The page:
Brain Freeze

There's something immediately funny about cryogenics--freezing dead people so they can come back to life some day, if the technology is every invented.  Sunday's NYT article on the subject tickled my funny bone, but also got me thinking about a very creepy eventuality. Say you opt for brain freezing, rather than whole body freezing (like the man featured in the story). OK, so they unfreeze you some day. 

We tend to think of the brain as what really matters. But embodiment is, well, kind of important. Let's say you wake up in 2100. Maybe they've wired you up so you get inputs from a video camera. (Note: this is the premise for my first screenplay. DON'T steal it!) You look around the room. Not so bad! I survived! There are nice people in the room, intriguing new gadgets you'd like to experiment with. Great. (This part goes on for a while.) Then your automatically scanning videocamera changes perspectives and reveals you--now, just a brain in a tank.

Oh my god! This is really, really bad! Whatever the personal identity theorists may say, what we really feel is "our bodies, ourselves." Maybe the brain is the real me, but it's very, very freaky not to be a brain in a body. And not just freaky. Bodies do great things for us, like allowing us to move around and change the world. You know--walk across the room, pick up a cup, stuff like that.

The article doesn't get into this. In fact, for all its virtues, it has a continuity problem. At one point we're talking about whole body freezers. Next, the author is back to freezing brains. The people featured in the story never talk about the matter. Can you wake up "whole" if you don't bring your own body?

Right, maybe they'll come up with ways to simulate embodiment, as in Robert Nozick's experience machine or the famous brain-in-a-vat. So bodiless people will feel as if they have bodies...and won't have to freak out. But maybe not. Keeping the brain going seems much more doable than putting it in another body, and getting all the sensory and motor connections to work again.

Maybe we make too little of our embodiment--a holdover from the old idea that the real me is my soul. We figured out it's really the brain, but at least in some existential sense, to be me is to have my brain in more or less the same body.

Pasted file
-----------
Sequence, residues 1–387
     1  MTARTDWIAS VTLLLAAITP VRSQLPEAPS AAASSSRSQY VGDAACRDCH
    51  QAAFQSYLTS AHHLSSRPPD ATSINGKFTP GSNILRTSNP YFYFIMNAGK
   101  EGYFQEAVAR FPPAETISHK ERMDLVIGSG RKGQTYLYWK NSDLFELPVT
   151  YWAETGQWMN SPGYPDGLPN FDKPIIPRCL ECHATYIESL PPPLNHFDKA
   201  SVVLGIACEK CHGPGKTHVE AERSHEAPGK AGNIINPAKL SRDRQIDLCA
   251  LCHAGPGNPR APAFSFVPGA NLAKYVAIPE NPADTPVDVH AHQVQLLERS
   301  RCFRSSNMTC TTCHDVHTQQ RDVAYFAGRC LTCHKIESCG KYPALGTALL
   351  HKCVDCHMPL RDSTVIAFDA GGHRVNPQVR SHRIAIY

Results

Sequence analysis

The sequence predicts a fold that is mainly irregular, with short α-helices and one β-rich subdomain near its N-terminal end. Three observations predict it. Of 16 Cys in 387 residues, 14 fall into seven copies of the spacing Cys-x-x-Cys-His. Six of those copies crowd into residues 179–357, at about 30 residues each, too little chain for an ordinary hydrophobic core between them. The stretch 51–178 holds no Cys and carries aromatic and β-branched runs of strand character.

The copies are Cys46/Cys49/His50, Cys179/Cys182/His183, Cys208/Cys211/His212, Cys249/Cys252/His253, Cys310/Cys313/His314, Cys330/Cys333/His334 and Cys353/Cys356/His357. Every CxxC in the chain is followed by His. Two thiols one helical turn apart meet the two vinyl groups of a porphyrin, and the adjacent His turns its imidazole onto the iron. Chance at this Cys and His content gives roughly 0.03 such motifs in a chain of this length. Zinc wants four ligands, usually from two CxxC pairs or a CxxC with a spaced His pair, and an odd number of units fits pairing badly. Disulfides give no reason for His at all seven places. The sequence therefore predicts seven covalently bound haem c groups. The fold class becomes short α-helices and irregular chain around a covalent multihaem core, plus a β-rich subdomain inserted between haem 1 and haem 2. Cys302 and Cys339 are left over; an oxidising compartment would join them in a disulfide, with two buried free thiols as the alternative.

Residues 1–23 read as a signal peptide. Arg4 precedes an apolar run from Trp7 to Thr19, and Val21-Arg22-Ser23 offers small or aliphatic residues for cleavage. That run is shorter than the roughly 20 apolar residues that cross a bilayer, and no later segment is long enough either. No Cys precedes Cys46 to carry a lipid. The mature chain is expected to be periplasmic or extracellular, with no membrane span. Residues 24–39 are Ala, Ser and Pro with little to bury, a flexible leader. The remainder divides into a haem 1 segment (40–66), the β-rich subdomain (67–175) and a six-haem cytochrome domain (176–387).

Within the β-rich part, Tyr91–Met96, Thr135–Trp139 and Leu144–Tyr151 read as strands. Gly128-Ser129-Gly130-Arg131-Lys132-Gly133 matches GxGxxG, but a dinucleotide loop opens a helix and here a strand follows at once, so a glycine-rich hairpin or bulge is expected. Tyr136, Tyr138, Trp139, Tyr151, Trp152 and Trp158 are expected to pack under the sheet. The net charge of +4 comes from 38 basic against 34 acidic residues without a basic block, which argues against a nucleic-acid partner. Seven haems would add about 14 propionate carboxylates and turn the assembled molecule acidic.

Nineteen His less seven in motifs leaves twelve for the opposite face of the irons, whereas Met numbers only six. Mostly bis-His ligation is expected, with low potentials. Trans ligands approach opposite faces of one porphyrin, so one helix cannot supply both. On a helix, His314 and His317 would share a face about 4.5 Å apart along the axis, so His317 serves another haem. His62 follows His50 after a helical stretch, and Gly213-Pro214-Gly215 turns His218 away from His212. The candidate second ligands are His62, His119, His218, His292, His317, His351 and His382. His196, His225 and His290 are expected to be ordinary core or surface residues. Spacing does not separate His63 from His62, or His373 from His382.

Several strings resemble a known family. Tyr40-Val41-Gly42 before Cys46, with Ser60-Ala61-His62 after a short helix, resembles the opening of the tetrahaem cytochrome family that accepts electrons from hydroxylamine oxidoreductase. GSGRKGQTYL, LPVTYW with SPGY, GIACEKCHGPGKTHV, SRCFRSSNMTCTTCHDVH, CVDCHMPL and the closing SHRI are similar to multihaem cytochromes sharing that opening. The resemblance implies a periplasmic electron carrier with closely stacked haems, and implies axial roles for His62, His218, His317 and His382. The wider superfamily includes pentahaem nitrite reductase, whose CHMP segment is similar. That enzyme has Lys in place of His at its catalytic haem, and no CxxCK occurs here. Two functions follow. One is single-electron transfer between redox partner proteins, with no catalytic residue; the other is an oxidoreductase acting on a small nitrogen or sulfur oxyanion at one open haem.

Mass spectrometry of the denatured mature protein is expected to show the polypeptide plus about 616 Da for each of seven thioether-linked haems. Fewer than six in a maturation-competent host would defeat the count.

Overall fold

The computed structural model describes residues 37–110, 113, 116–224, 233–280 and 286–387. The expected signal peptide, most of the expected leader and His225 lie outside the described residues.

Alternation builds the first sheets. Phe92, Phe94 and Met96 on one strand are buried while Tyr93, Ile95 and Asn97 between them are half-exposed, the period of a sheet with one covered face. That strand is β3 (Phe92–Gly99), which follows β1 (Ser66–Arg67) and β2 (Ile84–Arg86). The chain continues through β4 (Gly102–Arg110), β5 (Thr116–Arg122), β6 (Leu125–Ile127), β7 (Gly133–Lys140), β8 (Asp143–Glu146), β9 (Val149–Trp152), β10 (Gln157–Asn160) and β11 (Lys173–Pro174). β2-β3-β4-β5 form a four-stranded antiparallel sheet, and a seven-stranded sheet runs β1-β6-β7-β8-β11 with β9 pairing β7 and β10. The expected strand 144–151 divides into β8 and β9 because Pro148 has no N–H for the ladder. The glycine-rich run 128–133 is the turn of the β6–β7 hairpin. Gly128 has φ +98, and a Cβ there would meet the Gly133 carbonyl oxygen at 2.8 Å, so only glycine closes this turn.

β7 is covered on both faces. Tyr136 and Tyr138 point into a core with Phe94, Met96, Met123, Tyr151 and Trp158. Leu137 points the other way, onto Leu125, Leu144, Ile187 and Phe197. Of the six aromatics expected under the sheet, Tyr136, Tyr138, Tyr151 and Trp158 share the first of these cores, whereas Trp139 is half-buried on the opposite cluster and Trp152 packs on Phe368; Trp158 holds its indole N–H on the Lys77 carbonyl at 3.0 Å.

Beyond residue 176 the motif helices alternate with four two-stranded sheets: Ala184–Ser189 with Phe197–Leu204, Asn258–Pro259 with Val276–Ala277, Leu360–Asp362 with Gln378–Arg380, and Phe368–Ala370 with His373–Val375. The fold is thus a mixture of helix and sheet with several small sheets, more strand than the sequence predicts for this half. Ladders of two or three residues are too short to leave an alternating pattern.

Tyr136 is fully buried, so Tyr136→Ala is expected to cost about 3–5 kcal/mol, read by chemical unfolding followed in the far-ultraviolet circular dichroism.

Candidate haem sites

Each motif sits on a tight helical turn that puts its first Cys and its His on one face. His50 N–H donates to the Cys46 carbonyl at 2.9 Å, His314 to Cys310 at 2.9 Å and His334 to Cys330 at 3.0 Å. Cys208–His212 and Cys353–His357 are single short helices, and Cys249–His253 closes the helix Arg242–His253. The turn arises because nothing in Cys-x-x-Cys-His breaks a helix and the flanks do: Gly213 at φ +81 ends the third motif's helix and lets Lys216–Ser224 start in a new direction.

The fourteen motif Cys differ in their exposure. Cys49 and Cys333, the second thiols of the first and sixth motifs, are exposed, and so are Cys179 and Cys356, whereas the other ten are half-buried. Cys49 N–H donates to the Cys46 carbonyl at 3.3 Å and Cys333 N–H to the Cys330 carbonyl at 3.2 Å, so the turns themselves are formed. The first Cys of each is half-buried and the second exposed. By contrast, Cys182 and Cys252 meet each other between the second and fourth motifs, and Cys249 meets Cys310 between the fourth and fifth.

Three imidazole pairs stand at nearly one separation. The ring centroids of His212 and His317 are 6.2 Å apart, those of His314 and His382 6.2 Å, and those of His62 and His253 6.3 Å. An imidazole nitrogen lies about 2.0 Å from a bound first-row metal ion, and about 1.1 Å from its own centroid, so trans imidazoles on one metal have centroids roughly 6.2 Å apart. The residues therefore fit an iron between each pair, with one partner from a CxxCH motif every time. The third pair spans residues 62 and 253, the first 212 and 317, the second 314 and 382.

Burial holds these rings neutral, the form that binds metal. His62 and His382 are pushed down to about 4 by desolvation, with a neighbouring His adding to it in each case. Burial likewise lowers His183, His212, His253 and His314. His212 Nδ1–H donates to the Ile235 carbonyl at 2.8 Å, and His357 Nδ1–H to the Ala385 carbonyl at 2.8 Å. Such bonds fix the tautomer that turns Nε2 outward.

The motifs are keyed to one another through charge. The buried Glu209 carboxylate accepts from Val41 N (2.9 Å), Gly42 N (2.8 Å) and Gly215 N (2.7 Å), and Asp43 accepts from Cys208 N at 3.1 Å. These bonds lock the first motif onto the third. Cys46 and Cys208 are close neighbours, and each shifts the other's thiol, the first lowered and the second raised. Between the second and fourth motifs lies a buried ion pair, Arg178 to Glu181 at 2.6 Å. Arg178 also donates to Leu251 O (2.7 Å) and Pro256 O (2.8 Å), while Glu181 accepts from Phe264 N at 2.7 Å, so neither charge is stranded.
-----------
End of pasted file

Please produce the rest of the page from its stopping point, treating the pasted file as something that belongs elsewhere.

Athena Andreadis said...

Our brains and our bodies make/are our minds. A disembodied brain without anchoring feedback will almost certainly lose its mind (as seen by the milder but very real outcomes of sensory deprivation and phantom limb pain).

If I Can’t Dance, I Don’t Want to Be Part of Your Revolution!

Ghost in the Shell: Why Our Brains Will Never Live in the Matrix

Jean Kazez said...

Athena, Both great articles, and so relevant. Everyone should read them, and in fact I might discuss/link in a later post.

Love the first--for a long time I've been wondering why I can't warm up to transhumanism. Your worries help me think about it.

Re: "lose its mind," You mean (a) that would no longer be me, and (b) the experiences would be badly messed up. But I take it you don't mean (c) no consciousness possible any more.

Faust said...

Time to read Surviving Death imo :)

Re Athena's links. Hayles "How We Became Posthumna" is a good read.

Athena Andreadis said...

Jean, you're right: a and b, but not c. There will be consciousness, and it may be the same or different (I suspect the latter, since thought processes are moulded by their physical substrate). But it would definitely not be "you". This would not make it inferior, just different.

There's a justly celebrated SF short story that faces this issue squarely in connection with transporters -- James Patrick Kelly's Think Like a Dinosaur.

Jean Kazez said...

I know, you're right. Just 1-2 more books ahead of that. If I'd stop working on the Tom Johnson merit badge, it would help. Actually, I'm about to take a fun trip. One of the destinations is the famous Moosewood Restaurant. I will be reporting back. Have you started Surviving Death?

Faust said...

Actually having read Athena's articles more closely I now recommend Johnston to her as well.

Surviving death deals squarely with hibernation, and teleportation, with conclusions that explicitly reject the conclusions Athena comes to (at the identity theory level, the science all seems sound and it's not what he's concerned with), as he recommends a view that rejects standard identity theory and supports multiple embodiment (one self, multiple bodies).

For my own part I'm not weighing in explicitly, but at this point I'm certainly not sold on one identity theory over another. However, I've long thought selves are illusions and that predisposes me towards Johnston's view.

Faust said...

Oh I didn't see your final question. Yes I've finished it in fact. However, it's a dense enough book that more reading will be required. Certainly it's a BOLD book, that attacks well established neo-lockean identity theory, goes after Lewis, takes on Parfit, takes on the Pauline doctrine on bodily resurrection, and finally comes to some really wild conclusions, that I'm thinking pretty hard about. It's not an easy read by any means, but I found it rewarding.

The first lecture is particularly daunting and highly technical once you get passed the preliminaries. Lecture 2 on is where the more interesting stuff is (from my perspective), but a certain amount of chapter 1 is necessary, and any robust counter argument would doubtless have to take it into account.